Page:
A #WyrdAndWonder Audiobook Review | “The Marvelwood Magicians” by Diane Zahler, narrated by Sarah Zimmerman; courtesy of #NetGalley

Posted Sunday, 2 May, 2021 by jorielov , , , , 2 Comments

#WyrdAndWonder Book Review badge created by Jorie in Canva.

Acquired Book By: In late Winter 2020, (February) I joined NetGalley for the first time as they finally announced they were going to be offering full-length audiobooks for reviewers. I was never able to join NetGalley due to having chronic migraines and being unable to read ebooks. I started requesting audiobooks to review as soon as they opened their audiobook catalogue in July, 2020. I am an eclectic reader and thereby, you will see all genres in Fiction explored from both markets of interest: mainstream and INSPY as well as from Major Trade, Indie Publishers & Press and other routes of publication, too. There might be the occasional Non-Fiction title appearing in my NetGalley queue of reviews as well. This marks a new adventure for me seeking stories for review consideration and I look forward to seeing where the stories lead me to venture.

I received a complimentary digital and temporary audiobook copy of “The Marvelwood Magicians” direct from the publisher Live Oak Media via NetGalley in exchange for an honest review. All audiobooks via NetGalley are able to be heard via the NetGalley Shelf which is why I was thankful to be gifted an android tablet by my parents to celebrate my 7th Blog Birthday on Jorie Loves A Story. I did not receive compensation for my opinions or thoughts shared herein.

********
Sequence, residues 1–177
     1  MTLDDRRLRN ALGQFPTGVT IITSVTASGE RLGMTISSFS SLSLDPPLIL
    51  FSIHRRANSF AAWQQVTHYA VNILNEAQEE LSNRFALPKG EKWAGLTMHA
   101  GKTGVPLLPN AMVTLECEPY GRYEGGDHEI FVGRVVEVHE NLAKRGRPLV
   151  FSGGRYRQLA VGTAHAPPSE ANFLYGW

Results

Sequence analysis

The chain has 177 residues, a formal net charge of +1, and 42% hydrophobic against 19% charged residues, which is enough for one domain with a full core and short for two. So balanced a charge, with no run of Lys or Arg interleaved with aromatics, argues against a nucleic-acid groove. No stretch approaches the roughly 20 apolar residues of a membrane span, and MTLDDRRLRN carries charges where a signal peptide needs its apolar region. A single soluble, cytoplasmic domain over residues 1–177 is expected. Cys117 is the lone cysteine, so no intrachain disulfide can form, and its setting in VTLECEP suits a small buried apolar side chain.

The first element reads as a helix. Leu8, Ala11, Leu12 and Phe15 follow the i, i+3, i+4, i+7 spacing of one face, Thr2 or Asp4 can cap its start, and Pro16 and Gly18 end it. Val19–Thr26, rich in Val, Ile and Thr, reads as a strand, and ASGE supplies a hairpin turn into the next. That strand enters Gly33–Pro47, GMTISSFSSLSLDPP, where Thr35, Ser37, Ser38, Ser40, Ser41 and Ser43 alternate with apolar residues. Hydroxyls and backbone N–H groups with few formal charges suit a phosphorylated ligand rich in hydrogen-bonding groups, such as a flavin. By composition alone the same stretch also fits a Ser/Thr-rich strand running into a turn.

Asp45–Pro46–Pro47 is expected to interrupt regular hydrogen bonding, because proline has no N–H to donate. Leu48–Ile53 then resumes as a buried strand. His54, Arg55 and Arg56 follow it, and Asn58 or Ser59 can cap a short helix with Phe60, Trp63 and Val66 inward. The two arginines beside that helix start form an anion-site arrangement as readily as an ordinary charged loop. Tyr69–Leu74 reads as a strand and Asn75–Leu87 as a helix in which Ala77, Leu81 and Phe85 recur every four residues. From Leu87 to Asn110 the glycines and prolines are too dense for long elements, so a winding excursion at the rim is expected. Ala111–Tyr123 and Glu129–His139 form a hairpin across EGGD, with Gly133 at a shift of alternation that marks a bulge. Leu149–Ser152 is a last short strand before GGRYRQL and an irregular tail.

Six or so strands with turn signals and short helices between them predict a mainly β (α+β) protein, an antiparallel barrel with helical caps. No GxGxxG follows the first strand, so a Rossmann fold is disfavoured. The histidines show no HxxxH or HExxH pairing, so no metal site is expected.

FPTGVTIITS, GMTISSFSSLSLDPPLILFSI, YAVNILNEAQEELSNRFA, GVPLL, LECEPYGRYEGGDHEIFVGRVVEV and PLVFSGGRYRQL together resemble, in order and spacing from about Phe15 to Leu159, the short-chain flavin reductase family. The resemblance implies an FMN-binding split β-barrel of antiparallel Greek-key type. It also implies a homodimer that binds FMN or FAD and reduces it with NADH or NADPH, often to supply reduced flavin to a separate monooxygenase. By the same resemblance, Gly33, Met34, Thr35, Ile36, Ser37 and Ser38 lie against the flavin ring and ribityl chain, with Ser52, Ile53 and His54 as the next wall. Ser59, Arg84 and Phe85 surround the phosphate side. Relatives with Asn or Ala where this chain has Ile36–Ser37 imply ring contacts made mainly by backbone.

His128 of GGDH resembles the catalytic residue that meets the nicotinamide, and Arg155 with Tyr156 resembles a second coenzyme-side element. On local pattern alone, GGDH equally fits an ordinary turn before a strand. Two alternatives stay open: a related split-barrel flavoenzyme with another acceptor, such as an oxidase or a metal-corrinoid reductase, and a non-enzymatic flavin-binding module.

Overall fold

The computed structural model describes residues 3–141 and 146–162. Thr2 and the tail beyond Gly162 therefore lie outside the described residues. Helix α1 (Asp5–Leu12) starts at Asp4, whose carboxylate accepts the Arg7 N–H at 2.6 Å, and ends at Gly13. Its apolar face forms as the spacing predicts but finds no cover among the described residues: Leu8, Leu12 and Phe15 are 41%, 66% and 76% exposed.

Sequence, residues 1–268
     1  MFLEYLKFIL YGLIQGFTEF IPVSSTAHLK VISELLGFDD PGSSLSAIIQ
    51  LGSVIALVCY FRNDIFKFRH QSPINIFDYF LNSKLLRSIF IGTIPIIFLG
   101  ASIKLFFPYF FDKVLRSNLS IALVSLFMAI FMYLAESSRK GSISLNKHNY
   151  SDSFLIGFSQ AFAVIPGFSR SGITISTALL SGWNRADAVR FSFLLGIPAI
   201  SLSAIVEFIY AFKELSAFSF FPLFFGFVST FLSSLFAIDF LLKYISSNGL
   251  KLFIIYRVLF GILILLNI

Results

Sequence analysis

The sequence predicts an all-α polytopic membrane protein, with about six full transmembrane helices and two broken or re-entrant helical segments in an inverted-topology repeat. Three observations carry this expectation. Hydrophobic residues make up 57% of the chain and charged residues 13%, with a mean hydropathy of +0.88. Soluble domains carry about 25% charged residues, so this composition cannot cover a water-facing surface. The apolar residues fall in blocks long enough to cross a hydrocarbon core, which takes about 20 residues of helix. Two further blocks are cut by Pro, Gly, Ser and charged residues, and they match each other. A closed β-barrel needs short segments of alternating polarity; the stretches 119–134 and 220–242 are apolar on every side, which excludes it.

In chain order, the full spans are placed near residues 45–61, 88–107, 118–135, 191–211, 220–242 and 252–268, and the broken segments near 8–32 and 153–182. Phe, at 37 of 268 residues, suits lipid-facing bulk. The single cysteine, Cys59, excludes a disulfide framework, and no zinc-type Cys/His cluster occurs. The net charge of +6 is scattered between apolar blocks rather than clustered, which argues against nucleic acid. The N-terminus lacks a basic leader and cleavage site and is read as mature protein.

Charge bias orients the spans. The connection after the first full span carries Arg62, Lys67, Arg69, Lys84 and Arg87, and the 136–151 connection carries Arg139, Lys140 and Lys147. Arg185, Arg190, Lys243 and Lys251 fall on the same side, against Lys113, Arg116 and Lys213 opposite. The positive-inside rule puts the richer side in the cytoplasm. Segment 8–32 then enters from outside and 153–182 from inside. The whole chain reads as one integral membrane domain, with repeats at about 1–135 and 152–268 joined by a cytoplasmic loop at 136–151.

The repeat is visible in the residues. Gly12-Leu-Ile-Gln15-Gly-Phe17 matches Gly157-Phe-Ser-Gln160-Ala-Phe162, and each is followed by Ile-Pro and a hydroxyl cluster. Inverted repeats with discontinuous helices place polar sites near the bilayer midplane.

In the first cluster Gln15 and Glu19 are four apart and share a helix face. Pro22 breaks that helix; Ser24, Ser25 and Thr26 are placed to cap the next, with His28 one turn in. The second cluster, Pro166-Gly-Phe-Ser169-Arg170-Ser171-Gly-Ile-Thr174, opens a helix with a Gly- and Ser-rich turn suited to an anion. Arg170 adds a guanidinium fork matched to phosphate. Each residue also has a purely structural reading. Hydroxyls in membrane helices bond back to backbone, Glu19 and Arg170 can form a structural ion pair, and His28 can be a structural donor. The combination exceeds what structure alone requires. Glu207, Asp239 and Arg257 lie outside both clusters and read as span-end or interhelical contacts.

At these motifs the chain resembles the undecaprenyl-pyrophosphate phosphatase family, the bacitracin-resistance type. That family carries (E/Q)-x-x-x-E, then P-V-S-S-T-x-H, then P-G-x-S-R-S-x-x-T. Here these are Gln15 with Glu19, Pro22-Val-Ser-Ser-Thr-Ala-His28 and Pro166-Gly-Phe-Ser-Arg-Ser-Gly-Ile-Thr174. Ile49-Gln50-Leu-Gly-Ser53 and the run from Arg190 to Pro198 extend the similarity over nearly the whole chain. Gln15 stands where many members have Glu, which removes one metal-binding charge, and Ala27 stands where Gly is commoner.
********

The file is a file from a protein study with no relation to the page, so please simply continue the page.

NOTE: As a new reviewer on NetGalley, I’m sorting out how to get the Press Materials for each of the audiobooks I’m reviewing when I share them on my blog Jorie Loves A Story. When I contacted NetGalley Support they informed me that if a separate Press Kit is not included on the audiobook’s book page we’re allowed as reviewers to use the book cover and synopsis provided when we go to share our review of that audiobook on our blogs; as long as we give attribution as I have done at the bottom of this review in “Sources”. Those materials are provided with permission of the publishers to be used by reviewers via NetGalley.